In visualizing a sense of the livelong day of work, and in providing details of life in towns that'll never be confused with Paris, director Stéphane Brizé has made a first-rate romance in Mademoiselle Chambon.
The film is based on a 2001 novel by the French writer Éric Holder. Without any false nationalism, this is insistently a French tale: we're shown a woman who works at an industrial printer making informational pamphlets about France; her husband and the unmarried woman who intrigues him are posed standing in front of a wall-sized map of the country in a school classroom. At the end, we hear a song that epitomizes what people think of as typically French music, a tune by the one-named chanteuse Barbara titled "Septembre (Quel Joli Temps)."
Somewhere in a small city along the Toulon-Paris train line, we see a no-longer-young construction worker, Jean (Vincent Lindon), demolishing a house, and we see his wife, Anne-Marie (Aure Atika), at her assembly line. Later, the two join up with their son, picnicking as he tries to puzzle out a tricky grammar question from a school assignment.
At a show-and-tell day at his son's school, Jean is asked to explain his work to a classroom of eager kids. The camera focuses on the intense elementary school teacher, the rootless and 40-ish mademoiselle Veronique Chambon (the ever poised Sandrine Kiberlain) —and we see it, a coup de foudre: she's fallen in love. It takes somewhat longer for Jean to get it, after Chambon hires him to repair the windows of her flat. While there, Jean notes her violin and coaxes her to play a song for him.
Without telling us outright, Brizé suggests why there's something missing in the teacher. The loneliness that's hollowed her out is likely connected to some dashed hopes of being a classical violinist. Music brings Jean and Veronique together across their social divide, as they sit side by side on an iron daybed.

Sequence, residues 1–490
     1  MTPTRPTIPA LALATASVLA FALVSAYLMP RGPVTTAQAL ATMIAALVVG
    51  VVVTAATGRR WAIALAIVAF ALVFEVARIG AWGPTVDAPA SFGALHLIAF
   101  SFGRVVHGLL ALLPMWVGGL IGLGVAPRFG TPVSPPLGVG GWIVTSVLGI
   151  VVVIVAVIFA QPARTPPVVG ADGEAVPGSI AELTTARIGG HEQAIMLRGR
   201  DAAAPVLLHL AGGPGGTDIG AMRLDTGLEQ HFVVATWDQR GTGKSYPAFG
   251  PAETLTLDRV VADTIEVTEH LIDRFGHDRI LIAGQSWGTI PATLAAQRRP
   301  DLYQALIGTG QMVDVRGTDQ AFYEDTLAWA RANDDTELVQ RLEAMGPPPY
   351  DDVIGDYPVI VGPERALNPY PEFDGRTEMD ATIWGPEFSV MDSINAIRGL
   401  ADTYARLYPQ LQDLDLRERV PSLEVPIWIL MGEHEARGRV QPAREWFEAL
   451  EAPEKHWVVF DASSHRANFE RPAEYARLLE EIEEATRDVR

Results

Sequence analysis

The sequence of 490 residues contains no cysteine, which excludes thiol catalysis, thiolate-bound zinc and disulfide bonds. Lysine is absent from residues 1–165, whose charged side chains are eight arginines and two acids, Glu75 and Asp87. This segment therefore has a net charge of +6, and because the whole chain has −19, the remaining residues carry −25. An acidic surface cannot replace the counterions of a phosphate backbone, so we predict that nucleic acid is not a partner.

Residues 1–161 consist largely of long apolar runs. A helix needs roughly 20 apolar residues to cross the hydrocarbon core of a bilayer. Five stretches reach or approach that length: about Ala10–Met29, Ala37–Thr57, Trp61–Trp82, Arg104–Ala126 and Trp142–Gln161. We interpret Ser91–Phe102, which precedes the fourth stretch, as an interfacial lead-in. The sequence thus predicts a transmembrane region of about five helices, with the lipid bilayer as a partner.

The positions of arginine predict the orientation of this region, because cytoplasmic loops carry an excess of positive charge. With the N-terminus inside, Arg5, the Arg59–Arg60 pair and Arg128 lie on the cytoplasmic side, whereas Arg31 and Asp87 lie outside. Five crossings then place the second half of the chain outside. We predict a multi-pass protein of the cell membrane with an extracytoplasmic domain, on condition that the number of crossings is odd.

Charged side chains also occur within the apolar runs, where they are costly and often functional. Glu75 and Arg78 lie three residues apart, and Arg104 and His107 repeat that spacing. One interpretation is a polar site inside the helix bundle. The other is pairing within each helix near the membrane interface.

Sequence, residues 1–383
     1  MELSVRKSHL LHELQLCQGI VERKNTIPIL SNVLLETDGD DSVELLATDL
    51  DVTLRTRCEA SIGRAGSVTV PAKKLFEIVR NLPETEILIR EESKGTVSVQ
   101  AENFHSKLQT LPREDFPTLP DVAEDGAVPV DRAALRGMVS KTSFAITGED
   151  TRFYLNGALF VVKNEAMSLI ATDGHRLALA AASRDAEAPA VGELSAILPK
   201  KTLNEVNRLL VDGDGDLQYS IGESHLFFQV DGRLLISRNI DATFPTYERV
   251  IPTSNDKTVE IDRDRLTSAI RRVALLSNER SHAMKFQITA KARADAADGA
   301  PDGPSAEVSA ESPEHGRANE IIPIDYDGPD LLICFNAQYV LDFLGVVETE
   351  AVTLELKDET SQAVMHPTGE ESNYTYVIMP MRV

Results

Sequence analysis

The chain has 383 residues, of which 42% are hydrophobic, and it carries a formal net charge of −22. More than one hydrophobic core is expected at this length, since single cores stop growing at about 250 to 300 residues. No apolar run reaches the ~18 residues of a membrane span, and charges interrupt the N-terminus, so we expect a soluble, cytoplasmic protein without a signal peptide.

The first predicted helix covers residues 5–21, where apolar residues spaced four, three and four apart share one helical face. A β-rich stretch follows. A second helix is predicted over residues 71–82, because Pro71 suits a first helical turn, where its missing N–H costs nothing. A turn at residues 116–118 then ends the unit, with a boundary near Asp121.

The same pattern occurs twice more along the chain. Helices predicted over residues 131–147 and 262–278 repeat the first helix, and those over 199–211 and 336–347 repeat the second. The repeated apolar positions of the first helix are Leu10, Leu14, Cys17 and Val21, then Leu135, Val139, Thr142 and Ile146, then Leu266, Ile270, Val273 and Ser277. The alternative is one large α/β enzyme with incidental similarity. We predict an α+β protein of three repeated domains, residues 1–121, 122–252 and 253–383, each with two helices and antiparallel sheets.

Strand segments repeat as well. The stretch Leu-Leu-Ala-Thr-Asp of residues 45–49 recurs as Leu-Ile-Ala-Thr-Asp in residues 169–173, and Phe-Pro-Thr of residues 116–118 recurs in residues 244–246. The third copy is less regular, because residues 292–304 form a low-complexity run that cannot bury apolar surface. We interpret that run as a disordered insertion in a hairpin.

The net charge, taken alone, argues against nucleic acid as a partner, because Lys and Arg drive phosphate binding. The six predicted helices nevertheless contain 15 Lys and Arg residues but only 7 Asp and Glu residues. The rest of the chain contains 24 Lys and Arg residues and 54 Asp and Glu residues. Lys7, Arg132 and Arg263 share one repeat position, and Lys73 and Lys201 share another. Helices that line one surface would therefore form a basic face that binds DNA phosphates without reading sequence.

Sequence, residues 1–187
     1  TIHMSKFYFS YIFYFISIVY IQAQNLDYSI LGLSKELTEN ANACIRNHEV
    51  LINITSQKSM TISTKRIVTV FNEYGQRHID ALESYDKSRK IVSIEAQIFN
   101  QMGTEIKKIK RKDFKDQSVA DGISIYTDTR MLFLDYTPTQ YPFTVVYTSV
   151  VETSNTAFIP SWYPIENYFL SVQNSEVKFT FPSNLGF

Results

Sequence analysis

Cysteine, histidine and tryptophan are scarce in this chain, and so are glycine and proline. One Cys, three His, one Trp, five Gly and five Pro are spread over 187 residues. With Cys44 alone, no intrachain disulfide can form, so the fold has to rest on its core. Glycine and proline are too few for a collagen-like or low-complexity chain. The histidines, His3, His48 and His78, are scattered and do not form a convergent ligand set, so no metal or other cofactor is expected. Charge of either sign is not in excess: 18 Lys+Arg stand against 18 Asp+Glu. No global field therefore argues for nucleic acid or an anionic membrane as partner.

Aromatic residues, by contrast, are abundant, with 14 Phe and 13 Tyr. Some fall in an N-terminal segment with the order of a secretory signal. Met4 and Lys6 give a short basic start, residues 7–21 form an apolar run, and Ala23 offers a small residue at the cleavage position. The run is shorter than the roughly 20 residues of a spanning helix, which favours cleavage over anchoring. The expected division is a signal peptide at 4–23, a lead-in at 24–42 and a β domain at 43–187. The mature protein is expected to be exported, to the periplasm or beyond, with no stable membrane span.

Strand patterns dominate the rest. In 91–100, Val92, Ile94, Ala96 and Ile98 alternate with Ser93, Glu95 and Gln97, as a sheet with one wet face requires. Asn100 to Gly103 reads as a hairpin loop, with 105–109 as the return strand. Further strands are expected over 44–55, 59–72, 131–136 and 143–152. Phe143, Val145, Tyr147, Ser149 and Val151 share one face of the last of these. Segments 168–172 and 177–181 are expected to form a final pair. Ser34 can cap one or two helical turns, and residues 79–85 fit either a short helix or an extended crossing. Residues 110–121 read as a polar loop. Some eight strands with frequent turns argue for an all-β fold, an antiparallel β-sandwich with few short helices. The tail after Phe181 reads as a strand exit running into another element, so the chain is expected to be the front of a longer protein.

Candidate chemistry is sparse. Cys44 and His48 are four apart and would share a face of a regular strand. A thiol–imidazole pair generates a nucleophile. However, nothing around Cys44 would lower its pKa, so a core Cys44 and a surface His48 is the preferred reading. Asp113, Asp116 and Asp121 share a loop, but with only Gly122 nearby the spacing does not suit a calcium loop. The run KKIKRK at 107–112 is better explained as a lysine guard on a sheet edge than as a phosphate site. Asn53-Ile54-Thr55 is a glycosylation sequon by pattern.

The movie is as balanced as a good argument. Brizé pays all respects to Jean's marriage and home. Anne-Marie is a good mom, a trim, pretty woman without pretense and with a sense of humor, seen in the evening beating her son at the card game Uno while eating Nutella out of a jar with a spoon.
Brizé contrasts this domesticity with the hard work that's required to maintain it: the bricks laid, the swings of a sledgehammer against a wall. Like many in the construction business, Jean does it because his father (Jean-Marc Thibault) did it. One of Jean's tasks is tending to the old man, who is too beaten by age and labor to wash his own feet.
Meanwhile, he and Anne-Marie prepare for the father's upcoming 80th birthday, who celebrates this anniversary by buying himself a coffin. Jean and his father linger in the tatty display room of the funeral home, apparently lined with bedspreads and bed sheets. Finally, the old man points one out, "Isn't that the box we buried your mother in?"
Amid this suggestion of impending death, of possibilities slipping away, Brizé seems to falter at the end of the film. But he makes us feel the temptation and terror of an affair. And there's so much tension in a final scene at the railway station that there might as well be a bomb ticking in it.
Brizé says that he made an infinitely sentimental film despite his hatred of sentimentality. Mademoiselle Chambon is a tragedy too sad to weep at (though the song by Barbara may push you over the edge). The complexities and depths give this film a vigor that belies the lightweight-sounding story.
'Mademoiselle Chambon' opens on Friday, Sept. 24, at the Smith Rafael Film Center, 1118 Fourth St., San Rafael. 415.454.1222.